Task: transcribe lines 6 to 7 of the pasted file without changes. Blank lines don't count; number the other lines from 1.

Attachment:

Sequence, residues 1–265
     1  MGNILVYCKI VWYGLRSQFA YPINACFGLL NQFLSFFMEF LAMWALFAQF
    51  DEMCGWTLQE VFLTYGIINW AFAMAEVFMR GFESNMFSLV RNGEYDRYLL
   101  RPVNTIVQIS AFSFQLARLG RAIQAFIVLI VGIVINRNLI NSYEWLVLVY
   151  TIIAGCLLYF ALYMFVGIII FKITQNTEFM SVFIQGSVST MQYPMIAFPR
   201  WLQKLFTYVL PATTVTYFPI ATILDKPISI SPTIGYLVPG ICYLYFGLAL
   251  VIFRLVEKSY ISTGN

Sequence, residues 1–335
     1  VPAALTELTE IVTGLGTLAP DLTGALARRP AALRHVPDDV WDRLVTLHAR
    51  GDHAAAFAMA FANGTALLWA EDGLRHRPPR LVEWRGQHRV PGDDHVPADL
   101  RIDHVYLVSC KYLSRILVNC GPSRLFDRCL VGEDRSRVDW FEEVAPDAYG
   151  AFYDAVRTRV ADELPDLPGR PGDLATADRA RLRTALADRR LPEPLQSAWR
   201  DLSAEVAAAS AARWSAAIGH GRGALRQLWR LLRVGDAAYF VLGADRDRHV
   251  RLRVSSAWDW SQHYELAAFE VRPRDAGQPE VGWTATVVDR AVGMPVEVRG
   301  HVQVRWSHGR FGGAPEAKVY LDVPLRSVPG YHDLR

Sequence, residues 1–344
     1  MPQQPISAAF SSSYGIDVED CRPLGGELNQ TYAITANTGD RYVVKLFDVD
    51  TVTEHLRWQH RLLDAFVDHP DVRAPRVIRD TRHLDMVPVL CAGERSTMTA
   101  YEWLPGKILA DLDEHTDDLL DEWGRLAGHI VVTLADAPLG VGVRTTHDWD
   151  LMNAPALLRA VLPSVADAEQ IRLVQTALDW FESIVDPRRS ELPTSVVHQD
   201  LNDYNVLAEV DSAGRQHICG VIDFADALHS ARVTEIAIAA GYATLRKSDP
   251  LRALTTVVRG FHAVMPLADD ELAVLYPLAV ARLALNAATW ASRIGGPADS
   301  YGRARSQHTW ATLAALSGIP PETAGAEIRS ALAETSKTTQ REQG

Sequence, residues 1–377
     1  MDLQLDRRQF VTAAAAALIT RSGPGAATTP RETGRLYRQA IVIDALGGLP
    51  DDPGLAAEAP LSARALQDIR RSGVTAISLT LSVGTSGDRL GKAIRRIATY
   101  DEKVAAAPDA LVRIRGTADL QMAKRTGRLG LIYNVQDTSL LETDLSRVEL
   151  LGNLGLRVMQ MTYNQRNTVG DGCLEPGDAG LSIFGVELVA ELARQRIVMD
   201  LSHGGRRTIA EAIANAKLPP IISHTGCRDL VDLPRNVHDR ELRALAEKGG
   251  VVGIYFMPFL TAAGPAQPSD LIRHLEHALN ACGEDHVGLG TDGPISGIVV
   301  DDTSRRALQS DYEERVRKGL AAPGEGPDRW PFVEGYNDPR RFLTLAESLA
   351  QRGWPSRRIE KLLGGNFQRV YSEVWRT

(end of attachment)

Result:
   201  WLQKLFTYVL PATTVTYFPI ATILDKPISI SPTIGYLVPG ICYLYFGLAL
   251  VIFRLVEKSY ISTGN